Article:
Fuzzy Logic in Engineering Education
Fuzzy logic, which was invented in 1960’s, in response to emerging needs to deal with complex techno-social concepts, is becoming more and more relevant to today’s problems. Nowadays, fuzzy logic should not only become a part of the engineering curriculum but also a part of the engineering education standards. For example a fuzzy approach can be used in evaluating graduate attributes (Gas). Most graduate attributes are fuzzy and need to be evaluated using a fuzzy logic methodology.
Proper definition and scaling of fuzzy attributes can provide a common language, through which educators, industry, and regulators can communicate and collaborate more effectively in the process of assigning jobs to engineers with attributes which best fit the task. Also, by using a fuzzy method, the uncertainty of attributes is neither magnified nor dampened in the analytical process (contrary to most conventional approaches).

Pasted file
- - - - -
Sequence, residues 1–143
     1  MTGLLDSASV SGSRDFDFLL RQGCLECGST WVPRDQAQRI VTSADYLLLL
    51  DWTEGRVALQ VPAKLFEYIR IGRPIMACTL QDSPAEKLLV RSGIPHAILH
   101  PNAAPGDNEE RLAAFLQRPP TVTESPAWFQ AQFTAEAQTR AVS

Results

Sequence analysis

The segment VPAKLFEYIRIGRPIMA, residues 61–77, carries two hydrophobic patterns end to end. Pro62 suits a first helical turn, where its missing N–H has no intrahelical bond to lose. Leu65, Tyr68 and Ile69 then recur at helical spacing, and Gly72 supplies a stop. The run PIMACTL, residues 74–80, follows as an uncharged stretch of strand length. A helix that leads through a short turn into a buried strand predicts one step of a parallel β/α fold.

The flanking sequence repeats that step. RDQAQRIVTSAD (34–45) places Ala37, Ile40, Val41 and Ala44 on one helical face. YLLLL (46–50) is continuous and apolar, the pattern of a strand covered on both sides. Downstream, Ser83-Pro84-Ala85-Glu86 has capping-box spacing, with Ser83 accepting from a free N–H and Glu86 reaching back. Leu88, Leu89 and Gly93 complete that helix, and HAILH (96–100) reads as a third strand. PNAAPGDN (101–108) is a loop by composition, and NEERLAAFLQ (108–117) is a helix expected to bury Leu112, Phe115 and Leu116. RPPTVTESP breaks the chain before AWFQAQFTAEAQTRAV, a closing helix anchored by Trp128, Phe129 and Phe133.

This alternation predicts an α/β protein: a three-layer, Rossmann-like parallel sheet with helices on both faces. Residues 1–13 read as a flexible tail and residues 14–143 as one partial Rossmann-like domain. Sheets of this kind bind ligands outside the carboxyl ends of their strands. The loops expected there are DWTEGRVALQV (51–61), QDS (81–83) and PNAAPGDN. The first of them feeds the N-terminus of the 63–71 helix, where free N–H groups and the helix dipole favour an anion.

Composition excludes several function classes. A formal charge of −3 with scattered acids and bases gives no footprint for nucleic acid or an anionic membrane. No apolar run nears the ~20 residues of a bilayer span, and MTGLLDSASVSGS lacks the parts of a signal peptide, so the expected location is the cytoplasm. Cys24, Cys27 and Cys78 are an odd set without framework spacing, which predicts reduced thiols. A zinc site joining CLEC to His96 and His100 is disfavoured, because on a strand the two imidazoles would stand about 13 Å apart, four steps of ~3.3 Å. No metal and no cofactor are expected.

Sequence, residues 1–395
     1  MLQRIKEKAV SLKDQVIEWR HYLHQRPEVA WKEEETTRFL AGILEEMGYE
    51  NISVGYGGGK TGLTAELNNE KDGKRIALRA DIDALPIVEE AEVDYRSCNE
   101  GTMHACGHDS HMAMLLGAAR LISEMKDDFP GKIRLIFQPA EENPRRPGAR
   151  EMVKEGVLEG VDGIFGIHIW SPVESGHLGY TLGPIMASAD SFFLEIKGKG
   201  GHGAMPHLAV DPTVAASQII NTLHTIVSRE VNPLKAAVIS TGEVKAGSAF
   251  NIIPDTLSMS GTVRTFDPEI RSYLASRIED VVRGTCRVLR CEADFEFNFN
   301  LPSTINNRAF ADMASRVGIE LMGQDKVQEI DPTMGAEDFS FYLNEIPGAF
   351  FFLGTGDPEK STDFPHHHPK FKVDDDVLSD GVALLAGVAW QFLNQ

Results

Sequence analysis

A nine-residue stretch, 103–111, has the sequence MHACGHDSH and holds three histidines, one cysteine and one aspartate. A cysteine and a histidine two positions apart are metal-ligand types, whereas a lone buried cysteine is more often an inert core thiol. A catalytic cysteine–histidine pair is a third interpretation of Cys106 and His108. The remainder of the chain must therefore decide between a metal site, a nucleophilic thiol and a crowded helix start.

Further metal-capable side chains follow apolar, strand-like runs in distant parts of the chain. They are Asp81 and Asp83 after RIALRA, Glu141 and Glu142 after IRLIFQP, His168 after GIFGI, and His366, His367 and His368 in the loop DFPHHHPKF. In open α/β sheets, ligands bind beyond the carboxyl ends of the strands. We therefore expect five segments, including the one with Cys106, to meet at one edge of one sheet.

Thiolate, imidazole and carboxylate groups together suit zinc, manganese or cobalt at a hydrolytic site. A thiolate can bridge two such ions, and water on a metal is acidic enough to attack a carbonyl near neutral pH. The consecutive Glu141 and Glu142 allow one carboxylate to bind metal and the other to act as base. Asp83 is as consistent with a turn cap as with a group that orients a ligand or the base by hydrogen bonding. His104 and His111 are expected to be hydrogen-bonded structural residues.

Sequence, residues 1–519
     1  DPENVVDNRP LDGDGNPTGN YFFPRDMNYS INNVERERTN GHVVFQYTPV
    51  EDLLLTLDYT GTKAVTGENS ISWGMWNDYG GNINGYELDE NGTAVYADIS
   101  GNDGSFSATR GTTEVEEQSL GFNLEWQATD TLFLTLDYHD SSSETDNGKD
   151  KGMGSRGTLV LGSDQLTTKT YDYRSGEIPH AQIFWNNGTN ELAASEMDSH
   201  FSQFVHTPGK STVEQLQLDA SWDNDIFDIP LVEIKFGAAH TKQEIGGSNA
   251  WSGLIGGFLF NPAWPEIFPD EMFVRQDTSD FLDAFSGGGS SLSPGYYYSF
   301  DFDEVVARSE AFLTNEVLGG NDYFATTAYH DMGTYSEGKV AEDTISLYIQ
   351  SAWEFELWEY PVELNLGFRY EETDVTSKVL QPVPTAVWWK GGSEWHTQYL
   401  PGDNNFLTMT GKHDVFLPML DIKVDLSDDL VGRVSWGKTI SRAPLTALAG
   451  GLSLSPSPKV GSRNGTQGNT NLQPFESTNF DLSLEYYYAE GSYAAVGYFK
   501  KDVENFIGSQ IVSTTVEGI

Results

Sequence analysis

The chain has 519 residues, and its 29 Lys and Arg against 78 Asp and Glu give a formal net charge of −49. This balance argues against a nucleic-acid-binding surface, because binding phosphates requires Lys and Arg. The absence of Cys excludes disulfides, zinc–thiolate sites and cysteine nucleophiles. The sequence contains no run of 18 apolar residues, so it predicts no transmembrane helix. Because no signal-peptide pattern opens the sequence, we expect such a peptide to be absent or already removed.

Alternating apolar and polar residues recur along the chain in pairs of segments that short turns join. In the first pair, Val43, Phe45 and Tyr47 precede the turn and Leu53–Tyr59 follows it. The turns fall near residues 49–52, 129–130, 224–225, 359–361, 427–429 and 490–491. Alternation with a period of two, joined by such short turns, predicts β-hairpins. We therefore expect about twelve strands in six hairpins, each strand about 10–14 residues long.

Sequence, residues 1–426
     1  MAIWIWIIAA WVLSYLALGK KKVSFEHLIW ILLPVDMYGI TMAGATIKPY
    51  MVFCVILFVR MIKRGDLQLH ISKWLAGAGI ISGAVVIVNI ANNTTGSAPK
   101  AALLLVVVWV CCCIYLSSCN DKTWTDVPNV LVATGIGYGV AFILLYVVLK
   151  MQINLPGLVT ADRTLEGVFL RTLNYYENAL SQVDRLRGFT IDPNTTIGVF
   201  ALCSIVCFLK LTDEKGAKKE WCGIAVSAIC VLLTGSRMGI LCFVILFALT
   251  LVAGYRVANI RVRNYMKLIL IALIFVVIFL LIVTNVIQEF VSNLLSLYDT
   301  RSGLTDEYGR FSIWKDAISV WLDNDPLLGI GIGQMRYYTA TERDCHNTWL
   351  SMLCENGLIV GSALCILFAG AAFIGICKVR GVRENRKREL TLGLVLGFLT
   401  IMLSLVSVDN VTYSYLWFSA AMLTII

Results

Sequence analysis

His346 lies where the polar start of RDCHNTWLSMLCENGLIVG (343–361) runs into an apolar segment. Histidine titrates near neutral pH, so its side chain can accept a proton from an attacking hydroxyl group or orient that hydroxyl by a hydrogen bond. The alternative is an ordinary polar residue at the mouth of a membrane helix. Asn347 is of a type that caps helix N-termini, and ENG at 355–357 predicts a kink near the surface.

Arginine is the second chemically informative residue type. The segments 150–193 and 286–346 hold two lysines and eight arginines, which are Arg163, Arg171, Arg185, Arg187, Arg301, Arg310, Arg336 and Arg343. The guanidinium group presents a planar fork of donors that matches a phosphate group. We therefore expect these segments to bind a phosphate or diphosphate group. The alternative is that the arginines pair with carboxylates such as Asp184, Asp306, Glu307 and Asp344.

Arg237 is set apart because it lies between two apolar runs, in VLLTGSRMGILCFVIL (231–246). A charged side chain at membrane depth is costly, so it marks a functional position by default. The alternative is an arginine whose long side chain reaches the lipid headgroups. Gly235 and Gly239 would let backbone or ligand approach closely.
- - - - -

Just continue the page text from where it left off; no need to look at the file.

A properly defined fuzzy metric for GAs can provide flexibility in the implementation of the system, while reducing the overall errors in evaluation. Graduate attributes are proposed to be divided into three major classes or spaces (i.e. knowledge, social and ethical), each consisting of a number of fuzzy attributes and sub-attributes, which can be summed up with appropriate weighting factors. A neural network engine can be used to find the optimal weighting factors.
Link to full article:
Ghomshei, Mori. 2018.